Study after study prove the same thing: Kids develop taste preferences early. We’re not surprised when we hear that a recent study finds “preschoolers prefer salt, sugar and fat and equate their taste preferences to brand-name fast-food and soda products.”
The latest confirmation is from a new study published in the journal Appetite. Their findings confirm teaching children to make smart food choices at an early age will stay with them for life.
According to the report, “Researchers at the University of Oregon and the University of Wisconsin-Madison involved developmental psychology and marketing for a two-part study. In the first experiment, 67 children ages 3 through 5 and their mothers were recruited from preschool classes in a large city. The mothers completed a 21-item survey to report on the taste preferences of their children.”
Logan loves banana French toast.
“The children responded to their perceived tastiness of 11 natural and 11 flavor-added foods. Photos of the foods were presented without labeling or packaging. Parents noted the desire for foods high in sugar, fat and salt, while their children showed preference for flavor-added foods that contained these ingredients.”
“Foods well within the preschoolers’ experience were presented in the experiment. Natural foods included apples, bananas, plain milk, fruit salad, water, green beans and tomatoes. Flavor-added foods included cheese puffs, corn chips, watermelon hard candy, jellybeans, banana soft candy, ketchup, colas and chocolate milk.”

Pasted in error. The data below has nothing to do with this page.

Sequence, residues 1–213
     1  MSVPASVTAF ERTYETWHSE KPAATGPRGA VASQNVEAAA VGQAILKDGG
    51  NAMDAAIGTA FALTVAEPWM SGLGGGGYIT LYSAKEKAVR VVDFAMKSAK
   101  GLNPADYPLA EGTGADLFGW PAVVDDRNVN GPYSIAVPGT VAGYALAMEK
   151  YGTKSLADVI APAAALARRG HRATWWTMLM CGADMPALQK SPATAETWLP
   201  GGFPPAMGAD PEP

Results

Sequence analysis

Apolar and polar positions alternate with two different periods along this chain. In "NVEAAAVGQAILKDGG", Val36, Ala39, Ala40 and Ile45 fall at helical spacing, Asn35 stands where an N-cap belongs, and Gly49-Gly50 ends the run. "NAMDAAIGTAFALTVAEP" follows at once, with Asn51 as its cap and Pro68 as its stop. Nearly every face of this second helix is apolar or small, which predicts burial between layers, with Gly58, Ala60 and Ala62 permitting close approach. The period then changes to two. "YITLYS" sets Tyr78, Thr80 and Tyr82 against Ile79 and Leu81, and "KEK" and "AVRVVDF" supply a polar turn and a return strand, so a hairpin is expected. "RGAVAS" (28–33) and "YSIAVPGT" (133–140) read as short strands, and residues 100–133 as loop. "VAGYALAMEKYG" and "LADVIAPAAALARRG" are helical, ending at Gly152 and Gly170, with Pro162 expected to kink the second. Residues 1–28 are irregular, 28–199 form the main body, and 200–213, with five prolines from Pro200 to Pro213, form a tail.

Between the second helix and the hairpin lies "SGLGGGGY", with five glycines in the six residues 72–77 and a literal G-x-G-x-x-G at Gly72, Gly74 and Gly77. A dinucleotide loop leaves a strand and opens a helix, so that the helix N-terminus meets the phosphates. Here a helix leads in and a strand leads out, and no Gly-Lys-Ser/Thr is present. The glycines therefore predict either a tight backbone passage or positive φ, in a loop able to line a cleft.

“In the second experiment, researchers explored the association of preschoolers’ palate preferences to their emerging awareness of brands of fast foods and sugar-sweetened beverages. The study included 108 children from five urban preschools. They were shown 36 randomly sorted cards—12 related to each of two popular fast-food chains, six to each of the two leading cola companies and six depicting irrelevant products. All children were able to correctly place some of the product cards with the correct companies, indicating their differing levels of brand recognition.”
Junk Food Linked to Picky Eating
Fast food and soda brand knowledge is linked to the development of a preference for sugar, fat and salt in food. According to the findings of this recent study, “the relationships also appeared to reflect the children’s emotional experiences in a way that says the brand-named products deliver their developed taste preferences.”
Repeated exposure to foods, builds taste preferences. If you want to avoid having a picky eater exposure to whole foods from the time a baby is feeding him/herself is vital. In addition, processed and fast foods should be avoided at all times.
Already Have a Picky Eater?
It’s not too late. You can transform your picky eater into a healthy eater. Baby Bites: Transforming a Picky Eater into a Healthy Eater explains how you can turn mealtime conflict into happy multi-sensory experiences. In a short time, your picky eater will prefer whole foods: For a synopsis, Click Here.